- via Halifax
- If HRM was a weird sideways boot with a chunky heel it would go up to your thigh and this would be a bad metaphor.
Twenty-one percent of HRM’s population lives spread out over 80 percent of the municipality. The rural portions of HRM are huge, low-density areas, and often overlooked when talking about city services. That's one reason why the Community Planning and Economic Development committee wants to know if the people living in these far-flung regions are getting fair and equitable services compared to the rest of the municipality.
An information item on that subject is heading to the standing committee this week, but doesn’t really say much one way or another. That’s a problem for Stephen Adams.
“It’s a Seinfeld report,” says the city councillor. “A lot of nothing.”
Adams represents the largest rural area out of the councillors sitting on the community planning committee. His district takes close to an hour to drive across, end-to-end. The councillor for Spryfield-Sambro Loop-Prospect Road says he’s frustrated with what’s come forward in this report.
“It’s telling us what we don’t have."
Take page five for example. That’s where staff recommend “steps to move forward," including “developing a plan to move forward.”
“As soon as I see ‘develop a plan to move forward,’" says Adams, "I know we’re toast.”
The rural/urban divide is a problem going back to amalgamation, but this particular information item originates with a 2013 staff report request to investigate benchmarks and service levels for HRM’s agricultural and rural areas. The municipality wanted to compare those communities to other rural, coastal regions in Nova Scotia to determine if taxes and city services were equitable and fair.
Easier said than done.
- via HRM
Several public and private organizations regularly rate Halifax’s benchmarks on a number of service levels, but rarely does that ever specifically apply to rural regions. What we do know is that rural population growth, rural employment growth and rural tax base growth have all seen better days.
There are 83,775 rural HRM residents, according to 2011 census numbers. That’s the largest rural population out of Nova Scotia’s counties and municipalities. Those residents live spread out across 82 percent of HRM’s land. Roughly half are in the resource-rich farming and fishing communities that stretch east of the harbour all the way to Ecum Secum. The rest are in what the report calls “commuter areas” to the west of the harbour.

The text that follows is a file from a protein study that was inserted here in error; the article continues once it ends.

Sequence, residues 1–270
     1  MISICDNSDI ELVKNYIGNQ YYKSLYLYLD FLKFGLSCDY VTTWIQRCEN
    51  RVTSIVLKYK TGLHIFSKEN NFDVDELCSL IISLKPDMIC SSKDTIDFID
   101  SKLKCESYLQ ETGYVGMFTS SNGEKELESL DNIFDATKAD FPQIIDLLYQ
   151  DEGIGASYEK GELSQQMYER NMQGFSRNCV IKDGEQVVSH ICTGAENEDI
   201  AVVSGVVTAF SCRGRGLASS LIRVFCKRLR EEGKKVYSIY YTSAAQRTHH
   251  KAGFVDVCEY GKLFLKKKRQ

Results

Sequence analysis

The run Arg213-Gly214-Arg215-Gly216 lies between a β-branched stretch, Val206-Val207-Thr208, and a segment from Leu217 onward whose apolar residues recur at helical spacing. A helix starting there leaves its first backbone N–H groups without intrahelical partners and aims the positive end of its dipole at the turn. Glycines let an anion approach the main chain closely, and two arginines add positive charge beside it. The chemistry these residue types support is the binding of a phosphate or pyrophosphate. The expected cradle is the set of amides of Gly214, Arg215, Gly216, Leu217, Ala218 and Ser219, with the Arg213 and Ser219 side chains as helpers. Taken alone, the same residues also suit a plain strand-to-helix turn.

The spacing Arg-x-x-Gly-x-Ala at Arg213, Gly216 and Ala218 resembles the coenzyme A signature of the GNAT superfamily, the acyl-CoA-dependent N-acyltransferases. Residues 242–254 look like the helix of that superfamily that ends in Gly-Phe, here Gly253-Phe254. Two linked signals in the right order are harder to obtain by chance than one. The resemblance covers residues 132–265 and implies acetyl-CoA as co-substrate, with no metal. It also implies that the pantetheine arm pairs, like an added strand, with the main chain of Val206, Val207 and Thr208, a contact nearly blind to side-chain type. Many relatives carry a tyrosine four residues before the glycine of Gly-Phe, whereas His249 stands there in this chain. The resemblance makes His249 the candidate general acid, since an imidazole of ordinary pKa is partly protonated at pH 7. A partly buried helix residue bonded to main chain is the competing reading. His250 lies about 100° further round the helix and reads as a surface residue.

Statistics Canada defines “rural” as an area with fewer than 400 people per square kilometre in a community of fewer than 1,000 people. As the report notes, “much of Halifax qualifies as ‘rural’ under this definition.”
“Many small communities in present-day rural Halifax have long and proud histories. They are where they are because the resources near them attracted the workers and capital needed to develop them. Fish, forests, farmlands and mines brought people to rural areas and sustained them for many years.”
—from the report, prepared by Maggie MacDonald (managing acting director government relations and external affairs) and Chris Bryant (senior advisor govenrment relations and external affairs)
Overall, the staff report concludes that rural Halifax is fairly competitive with neighbouring counties in terms of commercial taxes, services and businesses.
But then again, that could all be wrong. Authors Maggie MacDonald and Chris Bryant write that it’s hard to draw any definitive conclusions from available numbers.
“‘On the one hand...on the other hand’ is about as conclusive as the data can be,” they write.
Not knowing enough about the issue is a problem. Inefficient service to HRM’s scattered rural population just puts further strain on the municipality’s stretched budget. It also leaves the aging rural residents of HRM at risk.
Adams believes this isn't an impossible situation to rectify. There may be vast chasms of difference between life in Terrance Bay and life on Agricola Street, but the councillor says that shouldn’t matter to a municipality.
“If they’re looking to bring some equality and services, population numbers don’t matter…If you want to have services that are reasonable, you have them.”
Other staff recommendations for moving forward include developing a rural Halifax index to track data, working more closely with the province to identify lacking standards and engaging rural residents in discussions about their wants and needs.
Costs for those steps aren’t estimated in the report.